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Non-Native Speakers Verbosity in Speech Act Performance

  • Modern English Education
  • Abbr : MEESO
  • 2011, 12(4), pp.1-22
  • Publisher : The Modern English Education Society
  • Research Area : Humanities > English Language and Literature > English Language Teaching

SUH JAE SUK 1

1인하대학교

Accredited

ABSTRACT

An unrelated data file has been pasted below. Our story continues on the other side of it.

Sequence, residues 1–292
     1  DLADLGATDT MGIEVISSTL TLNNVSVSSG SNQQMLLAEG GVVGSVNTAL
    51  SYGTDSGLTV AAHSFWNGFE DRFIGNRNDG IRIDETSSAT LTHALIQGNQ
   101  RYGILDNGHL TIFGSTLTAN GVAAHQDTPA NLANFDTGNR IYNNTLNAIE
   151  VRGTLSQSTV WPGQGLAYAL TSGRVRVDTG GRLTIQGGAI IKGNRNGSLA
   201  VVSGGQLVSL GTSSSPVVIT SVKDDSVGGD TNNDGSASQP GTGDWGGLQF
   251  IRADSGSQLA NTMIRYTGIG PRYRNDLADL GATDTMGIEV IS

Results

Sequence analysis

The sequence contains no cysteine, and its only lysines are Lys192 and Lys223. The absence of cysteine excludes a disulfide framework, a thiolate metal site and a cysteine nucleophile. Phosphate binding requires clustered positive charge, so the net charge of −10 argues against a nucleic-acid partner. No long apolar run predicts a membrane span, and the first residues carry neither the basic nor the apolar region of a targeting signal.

The purpose of this paper was to examine one pragmatic aspect of speech act performance, talkativeness of learner language. To this end, a study was conducted in which data were gathered via discourse completion test, and Korean learners of English and native speakers of English were asked to perform the speech act of requests in various situations. The analysis of data showed that indeed, ESL learners tended to make their requests lengthier by making frequent use of supportive moves of external modification across situations than EFL learners and native speakers.EFL learners realized simple, brief requests due mainly to their limited proficiency of L2. It was also found that native speakers were active in internal modification of their request strategies by using downgraders throughout situations, and thus produced more words inside request strategy than two learner groups. The native speakers’ frequent use of downgraders contributed greatly to an appropriate expression of politeness in each situation while the learners’ under-use of downgraders led them to sound direct and impolite across situations. Based on the results of the study, it was suggested that since learner verbosity weakens the illocutionary force of an act by providing more information than needed, and is seen as one type of pragmatic error, learners should be taught to be sensitive to their talking-much behavior in L2 speech act performance.

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